They allow retention of DL skills and all you need to do is turn around and look at the screen when in the poo and all is revealed.
      The Cmac D blades, keep movement to a minimum for collared patients.

      I agree with Tim, I think the glidescope is crap, but they are meeting the market as Minh pointed out with most recent models and like the light bulb they will be affordable soon enough.

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  6. Difficult DL occurs in the elderly more than in any other patient group–they are old and stiff. Trauma happens to mobile individuals that wander into harm’s way, or get blindsided while they are minding their own business, i.e., young people. That’s my short opinion on this topic. Long VL times because of lack of experience. Short DL times because of muscle memory–the technique is hard wired into the endoscopist’s nervous system, and they don’t need to think about what they are doing–they just do it.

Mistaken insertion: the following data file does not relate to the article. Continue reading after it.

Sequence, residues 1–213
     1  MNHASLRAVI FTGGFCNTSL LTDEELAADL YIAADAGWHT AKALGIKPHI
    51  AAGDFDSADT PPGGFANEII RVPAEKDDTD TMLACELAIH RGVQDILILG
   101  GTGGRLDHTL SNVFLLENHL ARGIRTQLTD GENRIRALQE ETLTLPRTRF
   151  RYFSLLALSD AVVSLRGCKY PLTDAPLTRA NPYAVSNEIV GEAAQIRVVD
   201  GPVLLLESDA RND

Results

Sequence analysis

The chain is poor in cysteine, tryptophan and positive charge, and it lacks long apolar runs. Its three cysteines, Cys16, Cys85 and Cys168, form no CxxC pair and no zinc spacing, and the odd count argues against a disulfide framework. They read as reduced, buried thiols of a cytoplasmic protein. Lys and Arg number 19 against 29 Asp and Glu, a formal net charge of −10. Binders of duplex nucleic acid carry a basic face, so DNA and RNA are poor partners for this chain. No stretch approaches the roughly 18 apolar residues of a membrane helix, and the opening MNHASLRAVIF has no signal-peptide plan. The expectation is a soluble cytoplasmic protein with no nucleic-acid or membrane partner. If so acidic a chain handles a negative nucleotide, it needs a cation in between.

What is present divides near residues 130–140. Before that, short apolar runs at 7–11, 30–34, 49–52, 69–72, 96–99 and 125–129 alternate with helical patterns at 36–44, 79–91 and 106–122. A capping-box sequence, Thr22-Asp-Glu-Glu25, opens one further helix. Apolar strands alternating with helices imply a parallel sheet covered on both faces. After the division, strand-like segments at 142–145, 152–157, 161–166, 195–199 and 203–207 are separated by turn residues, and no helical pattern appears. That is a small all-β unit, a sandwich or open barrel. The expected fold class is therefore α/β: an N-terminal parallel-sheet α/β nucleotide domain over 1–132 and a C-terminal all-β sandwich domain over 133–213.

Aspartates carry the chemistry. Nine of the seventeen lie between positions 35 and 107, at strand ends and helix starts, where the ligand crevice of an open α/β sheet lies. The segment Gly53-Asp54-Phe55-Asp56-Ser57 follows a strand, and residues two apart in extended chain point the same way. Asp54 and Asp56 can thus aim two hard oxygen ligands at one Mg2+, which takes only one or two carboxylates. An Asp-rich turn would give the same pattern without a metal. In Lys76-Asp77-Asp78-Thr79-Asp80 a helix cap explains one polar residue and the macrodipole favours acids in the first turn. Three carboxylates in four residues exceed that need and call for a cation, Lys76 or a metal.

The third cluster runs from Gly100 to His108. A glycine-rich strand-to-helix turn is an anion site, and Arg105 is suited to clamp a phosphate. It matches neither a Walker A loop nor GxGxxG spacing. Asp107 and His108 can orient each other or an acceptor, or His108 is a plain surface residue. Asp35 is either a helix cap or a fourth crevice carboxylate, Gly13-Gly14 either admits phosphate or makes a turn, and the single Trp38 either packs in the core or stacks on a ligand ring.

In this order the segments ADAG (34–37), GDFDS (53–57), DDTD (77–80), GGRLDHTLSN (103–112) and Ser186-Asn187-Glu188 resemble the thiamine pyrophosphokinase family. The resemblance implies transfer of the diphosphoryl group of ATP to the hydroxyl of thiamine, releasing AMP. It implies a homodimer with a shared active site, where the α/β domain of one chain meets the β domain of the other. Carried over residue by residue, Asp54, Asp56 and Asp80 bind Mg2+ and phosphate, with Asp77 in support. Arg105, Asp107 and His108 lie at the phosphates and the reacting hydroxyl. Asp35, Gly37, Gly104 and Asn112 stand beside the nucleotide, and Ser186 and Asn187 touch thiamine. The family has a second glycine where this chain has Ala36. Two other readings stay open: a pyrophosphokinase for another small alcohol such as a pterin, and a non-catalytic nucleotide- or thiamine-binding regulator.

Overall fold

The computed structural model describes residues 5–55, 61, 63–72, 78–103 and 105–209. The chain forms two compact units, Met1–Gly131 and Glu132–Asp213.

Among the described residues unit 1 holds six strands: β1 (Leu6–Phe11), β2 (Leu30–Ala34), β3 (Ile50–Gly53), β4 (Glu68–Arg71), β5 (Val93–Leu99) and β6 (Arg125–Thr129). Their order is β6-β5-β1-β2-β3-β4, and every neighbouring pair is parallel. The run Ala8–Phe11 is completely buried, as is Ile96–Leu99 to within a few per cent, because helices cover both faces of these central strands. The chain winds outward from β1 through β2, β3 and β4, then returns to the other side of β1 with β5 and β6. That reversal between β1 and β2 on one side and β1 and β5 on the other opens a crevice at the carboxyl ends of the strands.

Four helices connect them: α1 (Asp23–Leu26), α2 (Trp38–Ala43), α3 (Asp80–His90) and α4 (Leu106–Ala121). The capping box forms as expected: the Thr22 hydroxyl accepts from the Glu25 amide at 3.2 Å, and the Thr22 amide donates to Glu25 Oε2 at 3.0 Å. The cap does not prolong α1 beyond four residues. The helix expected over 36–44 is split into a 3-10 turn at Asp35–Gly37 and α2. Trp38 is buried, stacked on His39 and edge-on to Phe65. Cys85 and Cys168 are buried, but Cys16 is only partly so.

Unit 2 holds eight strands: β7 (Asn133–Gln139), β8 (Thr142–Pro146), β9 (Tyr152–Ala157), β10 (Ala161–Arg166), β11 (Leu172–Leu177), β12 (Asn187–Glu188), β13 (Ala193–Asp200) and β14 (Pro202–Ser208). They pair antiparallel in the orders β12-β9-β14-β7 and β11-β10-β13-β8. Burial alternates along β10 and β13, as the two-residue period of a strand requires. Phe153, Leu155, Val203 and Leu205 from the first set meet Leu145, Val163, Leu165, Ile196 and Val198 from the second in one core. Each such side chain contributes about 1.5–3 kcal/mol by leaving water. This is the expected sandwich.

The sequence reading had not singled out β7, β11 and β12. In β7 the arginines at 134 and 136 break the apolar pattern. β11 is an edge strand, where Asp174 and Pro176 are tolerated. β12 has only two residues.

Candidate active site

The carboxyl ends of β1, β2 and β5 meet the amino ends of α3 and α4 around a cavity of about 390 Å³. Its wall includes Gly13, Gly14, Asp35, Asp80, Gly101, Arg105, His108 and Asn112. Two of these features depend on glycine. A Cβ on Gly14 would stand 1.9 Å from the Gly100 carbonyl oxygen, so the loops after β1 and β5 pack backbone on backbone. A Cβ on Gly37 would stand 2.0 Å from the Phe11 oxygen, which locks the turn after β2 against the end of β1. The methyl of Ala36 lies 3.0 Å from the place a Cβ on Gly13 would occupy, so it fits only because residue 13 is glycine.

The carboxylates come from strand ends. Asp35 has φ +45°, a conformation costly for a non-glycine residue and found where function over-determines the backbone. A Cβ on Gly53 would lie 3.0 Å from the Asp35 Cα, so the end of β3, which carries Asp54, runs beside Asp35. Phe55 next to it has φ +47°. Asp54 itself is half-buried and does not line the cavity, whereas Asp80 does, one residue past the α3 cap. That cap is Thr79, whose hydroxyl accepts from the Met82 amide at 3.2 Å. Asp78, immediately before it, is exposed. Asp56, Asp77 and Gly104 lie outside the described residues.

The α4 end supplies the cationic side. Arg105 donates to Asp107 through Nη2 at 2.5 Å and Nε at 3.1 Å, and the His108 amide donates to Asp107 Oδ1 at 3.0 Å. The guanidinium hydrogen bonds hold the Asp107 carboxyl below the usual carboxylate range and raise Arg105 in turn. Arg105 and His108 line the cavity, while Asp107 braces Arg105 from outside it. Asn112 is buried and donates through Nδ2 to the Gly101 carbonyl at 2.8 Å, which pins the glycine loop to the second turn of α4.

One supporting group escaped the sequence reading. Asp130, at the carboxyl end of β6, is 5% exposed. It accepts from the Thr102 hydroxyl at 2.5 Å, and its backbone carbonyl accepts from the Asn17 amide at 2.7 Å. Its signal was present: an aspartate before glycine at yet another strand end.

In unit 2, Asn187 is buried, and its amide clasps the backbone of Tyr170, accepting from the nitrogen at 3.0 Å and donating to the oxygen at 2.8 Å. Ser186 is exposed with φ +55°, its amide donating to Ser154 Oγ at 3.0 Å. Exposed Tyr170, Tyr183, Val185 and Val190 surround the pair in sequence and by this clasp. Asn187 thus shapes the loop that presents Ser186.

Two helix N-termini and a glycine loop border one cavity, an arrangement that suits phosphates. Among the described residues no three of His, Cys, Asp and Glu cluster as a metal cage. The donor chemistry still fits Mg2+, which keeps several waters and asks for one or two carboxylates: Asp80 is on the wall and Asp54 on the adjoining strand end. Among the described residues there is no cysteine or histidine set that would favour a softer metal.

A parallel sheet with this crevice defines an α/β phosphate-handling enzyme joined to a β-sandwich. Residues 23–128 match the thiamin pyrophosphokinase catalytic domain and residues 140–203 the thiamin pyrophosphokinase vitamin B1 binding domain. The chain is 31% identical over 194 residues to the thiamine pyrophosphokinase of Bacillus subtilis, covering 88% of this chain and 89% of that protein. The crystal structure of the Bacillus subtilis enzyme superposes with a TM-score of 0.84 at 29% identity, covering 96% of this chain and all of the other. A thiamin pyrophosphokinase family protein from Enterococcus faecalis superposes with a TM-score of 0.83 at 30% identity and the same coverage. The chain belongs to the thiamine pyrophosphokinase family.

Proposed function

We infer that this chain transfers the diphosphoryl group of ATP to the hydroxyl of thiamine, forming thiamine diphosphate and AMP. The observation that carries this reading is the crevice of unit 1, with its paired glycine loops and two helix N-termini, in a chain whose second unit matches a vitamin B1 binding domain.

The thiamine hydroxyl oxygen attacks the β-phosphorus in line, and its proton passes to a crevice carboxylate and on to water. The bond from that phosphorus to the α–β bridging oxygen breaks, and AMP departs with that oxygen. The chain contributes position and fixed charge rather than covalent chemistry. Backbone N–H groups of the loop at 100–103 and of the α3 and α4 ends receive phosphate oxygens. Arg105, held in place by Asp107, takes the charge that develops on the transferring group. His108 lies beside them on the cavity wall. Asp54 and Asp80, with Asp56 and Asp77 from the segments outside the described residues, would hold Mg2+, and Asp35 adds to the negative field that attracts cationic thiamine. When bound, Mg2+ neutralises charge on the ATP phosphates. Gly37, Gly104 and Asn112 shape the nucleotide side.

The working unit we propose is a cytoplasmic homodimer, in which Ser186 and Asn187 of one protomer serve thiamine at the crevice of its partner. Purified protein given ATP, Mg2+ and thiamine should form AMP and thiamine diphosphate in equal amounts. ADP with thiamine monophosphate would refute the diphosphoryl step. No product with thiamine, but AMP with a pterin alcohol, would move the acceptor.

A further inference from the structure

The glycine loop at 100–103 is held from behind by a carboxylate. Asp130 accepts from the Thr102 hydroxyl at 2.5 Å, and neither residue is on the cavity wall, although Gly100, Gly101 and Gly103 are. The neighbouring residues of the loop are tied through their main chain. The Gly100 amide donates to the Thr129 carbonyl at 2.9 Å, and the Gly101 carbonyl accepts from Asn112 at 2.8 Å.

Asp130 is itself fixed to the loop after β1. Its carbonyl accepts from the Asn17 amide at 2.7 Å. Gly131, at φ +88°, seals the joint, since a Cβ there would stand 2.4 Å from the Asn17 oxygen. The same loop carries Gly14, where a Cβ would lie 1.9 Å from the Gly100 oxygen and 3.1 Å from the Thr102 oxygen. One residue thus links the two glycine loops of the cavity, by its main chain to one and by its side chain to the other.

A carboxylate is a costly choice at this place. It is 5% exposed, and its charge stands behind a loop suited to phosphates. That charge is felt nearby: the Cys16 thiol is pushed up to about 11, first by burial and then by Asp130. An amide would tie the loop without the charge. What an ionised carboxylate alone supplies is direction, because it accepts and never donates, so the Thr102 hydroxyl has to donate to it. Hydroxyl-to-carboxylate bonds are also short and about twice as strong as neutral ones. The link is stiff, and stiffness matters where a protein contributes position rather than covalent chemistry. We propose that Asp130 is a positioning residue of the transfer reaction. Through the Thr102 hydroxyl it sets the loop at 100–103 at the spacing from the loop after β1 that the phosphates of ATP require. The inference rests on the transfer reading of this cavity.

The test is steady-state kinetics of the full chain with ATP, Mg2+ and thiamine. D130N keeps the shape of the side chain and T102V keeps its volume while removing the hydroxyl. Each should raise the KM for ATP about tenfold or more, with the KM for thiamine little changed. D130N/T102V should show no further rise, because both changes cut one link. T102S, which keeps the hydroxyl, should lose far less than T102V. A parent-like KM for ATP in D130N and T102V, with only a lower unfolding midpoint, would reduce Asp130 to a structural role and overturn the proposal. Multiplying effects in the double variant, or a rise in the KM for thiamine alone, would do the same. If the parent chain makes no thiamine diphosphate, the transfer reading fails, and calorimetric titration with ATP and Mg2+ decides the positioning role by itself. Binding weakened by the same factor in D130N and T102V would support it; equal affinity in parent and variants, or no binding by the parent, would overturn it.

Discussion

I agree these things are still too expensive. They are priced to match the cost of a diagnostic bronchoscope, because that is the go-to device of the anesthesia community.

    You guys are cool, keep up the good work.

  7. ….I think that in the next future when VL costs will go down DL will become the Back-up plan so mantaining skills in DL will be important especially when technology fails (usually batteries go down in the worst moments) and VL will be the routine because of the ease of use ( Of course this is not valid for Glidescope – I completely agree with Tim- i hate that f**** toy- but is valid for new toys like Pentax and King vision (that furthermore is not so expensive))……but as Minh said we will see in the next 6.5 years!!!!!

    1. Would it be churlish of me to point out that standard laryngoscopes also have batteries? And contacts and bulbs? And that they can fail? Cars can also break down. But I don’t know of anyone who keeps a back-up donkey.

    2. Good observation!!!!…I love VL is the future but Right because every toy can fail is important to have skills and have available both devices DL and VL…two is better than one in the end…..PS. I always have a donkey in the trunk on my car 😉